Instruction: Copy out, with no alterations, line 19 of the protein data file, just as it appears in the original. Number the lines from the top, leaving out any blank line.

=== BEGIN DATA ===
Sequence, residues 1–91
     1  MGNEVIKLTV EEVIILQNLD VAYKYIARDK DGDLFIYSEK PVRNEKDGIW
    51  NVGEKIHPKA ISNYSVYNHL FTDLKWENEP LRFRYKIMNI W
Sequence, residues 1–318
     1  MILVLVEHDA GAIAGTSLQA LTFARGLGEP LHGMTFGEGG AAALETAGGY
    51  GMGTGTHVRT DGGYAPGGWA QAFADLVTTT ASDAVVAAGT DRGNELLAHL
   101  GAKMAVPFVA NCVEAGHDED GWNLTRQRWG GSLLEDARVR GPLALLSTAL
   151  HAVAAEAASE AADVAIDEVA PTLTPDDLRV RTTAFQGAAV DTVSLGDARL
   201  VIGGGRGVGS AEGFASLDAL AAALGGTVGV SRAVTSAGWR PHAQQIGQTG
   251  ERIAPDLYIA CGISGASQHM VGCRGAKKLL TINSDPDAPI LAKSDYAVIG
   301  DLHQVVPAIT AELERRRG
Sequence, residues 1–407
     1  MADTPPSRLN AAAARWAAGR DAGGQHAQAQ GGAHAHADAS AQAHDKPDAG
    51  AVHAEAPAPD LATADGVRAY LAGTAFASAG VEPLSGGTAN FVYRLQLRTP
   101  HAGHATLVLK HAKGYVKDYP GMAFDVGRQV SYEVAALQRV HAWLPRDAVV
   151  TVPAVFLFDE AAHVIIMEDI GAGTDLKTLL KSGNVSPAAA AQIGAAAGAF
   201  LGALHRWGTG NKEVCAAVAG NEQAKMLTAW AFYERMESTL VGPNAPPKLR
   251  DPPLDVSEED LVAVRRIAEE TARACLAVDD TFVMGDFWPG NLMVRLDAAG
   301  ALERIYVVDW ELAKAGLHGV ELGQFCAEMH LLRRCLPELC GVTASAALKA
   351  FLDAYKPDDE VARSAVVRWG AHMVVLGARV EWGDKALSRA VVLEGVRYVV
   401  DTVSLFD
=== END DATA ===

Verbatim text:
   301  ALERIYVVDW ELAKAGLHGV ELGQFCAEMH LLRRCLPELC GVTASAALKA